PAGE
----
DOHA, Nov 25 (Reuters) - As noon approached, muezzins across Qatar called Muslim soccer players, fans and officials to the first Friday prayers of the first World Cup to take place in a Muslim country.
At the Ibrahim al-Khalil Mosque in Doha's West Bay, with its towering minaret and carved wooden doors, they gathered for the weekly congregational prayer that many Muslims believe is obligatory.
Among the faithful were fans from Tunisia, Oman and India, a uniformed FIFA official, kids dressed in French soccer kits and hundreds of men and women from nearby hotels and tower blocks.
Unusually for soccer, Muslim fans say Qatar's World Cup has accommodated them like never before - with stadium prayer rooms, concessions selling halal food and no beer-swilling supporters to contend with in the stands following a stadium alcohol ban.
"I came to an Islamic country to attend Friday prayer...This is what makes me happy in this competition," said Yousef al Idbari, a visiting fan from Morocco.
Like all the other worshippers, al Idbari, removed his shoes and filed into the mosque's main prayer hall.
Islam has featured throughout the first week of the tournament with a recitation of the Koran, Islam's holy book, at the opening ceremony and English translations of sayings and teachings of the prophet Mohammad posted around Doha.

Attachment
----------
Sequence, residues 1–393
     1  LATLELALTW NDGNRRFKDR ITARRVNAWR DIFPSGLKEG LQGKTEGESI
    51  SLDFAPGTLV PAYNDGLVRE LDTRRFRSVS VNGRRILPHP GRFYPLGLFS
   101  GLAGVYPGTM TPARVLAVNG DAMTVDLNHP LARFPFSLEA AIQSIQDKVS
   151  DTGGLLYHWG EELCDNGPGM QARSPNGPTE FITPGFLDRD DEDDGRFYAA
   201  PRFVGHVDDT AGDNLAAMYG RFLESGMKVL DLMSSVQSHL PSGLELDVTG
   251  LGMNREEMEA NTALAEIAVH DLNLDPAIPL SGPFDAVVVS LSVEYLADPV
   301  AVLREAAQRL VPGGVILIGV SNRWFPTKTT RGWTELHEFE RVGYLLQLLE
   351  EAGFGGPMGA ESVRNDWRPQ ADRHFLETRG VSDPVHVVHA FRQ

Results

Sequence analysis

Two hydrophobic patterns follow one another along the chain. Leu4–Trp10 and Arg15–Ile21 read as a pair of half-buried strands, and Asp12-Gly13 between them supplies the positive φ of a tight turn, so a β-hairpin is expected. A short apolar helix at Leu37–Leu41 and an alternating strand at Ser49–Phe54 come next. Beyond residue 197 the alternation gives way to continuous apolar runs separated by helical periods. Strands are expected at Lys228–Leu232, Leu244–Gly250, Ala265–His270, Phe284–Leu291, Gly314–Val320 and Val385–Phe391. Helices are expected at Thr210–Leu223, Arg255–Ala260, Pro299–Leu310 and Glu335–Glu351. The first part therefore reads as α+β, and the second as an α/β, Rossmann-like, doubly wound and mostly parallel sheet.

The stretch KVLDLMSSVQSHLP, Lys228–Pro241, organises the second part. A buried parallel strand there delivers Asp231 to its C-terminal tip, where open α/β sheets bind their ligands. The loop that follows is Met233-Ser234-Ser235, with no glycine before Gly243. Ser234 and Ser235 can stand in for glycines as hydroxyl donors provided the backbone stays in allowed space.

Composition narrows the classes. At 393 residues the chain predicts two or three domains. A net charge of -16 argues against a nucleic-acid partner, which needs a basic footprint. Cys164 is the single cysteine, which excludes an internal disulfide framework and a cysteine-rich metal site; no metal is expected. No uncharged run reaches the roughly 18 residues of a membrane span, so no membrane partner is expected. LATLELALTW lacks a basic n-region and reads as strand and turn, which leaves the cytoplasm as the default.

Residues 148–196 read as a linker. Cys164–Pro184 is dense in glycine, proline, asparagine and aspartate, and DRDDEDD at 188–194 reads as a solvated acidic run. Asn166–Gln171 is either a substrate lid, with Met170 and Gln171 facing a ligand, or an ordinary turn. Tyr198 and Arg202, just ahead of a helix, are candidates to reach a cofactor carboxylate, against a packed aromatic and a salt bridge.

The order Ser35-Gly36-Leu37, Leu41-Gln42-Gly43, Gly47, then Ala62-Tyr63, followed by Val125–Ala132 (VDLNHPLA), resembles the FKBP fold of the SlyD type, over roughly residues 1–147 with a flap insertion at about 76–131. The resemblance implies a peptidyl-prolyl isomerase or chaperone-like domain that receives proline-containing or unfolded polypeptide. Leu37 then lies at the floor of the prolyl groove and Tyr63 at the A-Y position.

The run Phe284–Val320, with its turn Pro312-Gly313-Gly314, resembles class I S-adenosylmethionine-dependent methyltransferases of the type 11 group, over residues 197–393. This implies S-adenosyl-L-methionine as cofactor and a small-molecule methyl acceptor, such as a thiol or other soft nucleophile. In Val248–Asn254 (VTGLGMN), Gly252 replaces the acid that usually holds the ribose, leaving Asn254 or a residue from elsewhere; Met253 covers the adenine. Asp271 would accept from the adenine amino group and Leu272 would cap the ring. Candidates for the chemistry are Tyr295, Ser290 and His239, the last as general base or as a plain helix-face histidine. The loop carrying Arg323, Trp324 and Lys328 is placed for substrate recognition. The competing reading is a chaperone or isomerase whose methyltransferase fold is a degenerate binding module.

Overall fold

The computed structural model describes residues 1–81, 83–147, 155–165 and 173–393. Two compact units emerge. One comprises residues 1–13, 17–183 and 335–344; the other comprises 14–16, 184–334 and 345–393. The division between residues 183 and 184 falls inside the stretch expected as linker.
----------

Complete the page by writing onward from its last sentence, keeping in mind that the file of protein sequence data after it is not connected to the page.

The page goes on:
'THIS WORLD CUP IS FOR ME'
However, while Muslims attending games in Qatar may be enjoying a better fan experience than they have had before, it is not clear whether this World Cup will change things for them in the long run.
"Early indications are that there is a conflation between criticism of Qatar and actual hostility towards Muslims," said Imran Awan, a professor of criminology at Birmingham City University who is examining patterns of Islamophobia both on and offline to look for signs of a change in public opinion.
Qatar has faced criticism from some countries playing in the 32-team tournament over its rights record on migrant workers, women and the LGBTQ community.
For now, Muslim fans are just enjoying an event that caters to their needs.
Ridwaan Goolam Hoosen, an avid South African soccer fan, is used to having to leave the grounds to find a prayer space, including at the 2010 World Cup in South Africa.
"You go out and you miss a team goal or you miss someone getting sent off," he told Reuters. "It feels as if this World Cup is for me, it works for me, it fits for me...This is the first of its kind like this," Goolam Hoosen said.
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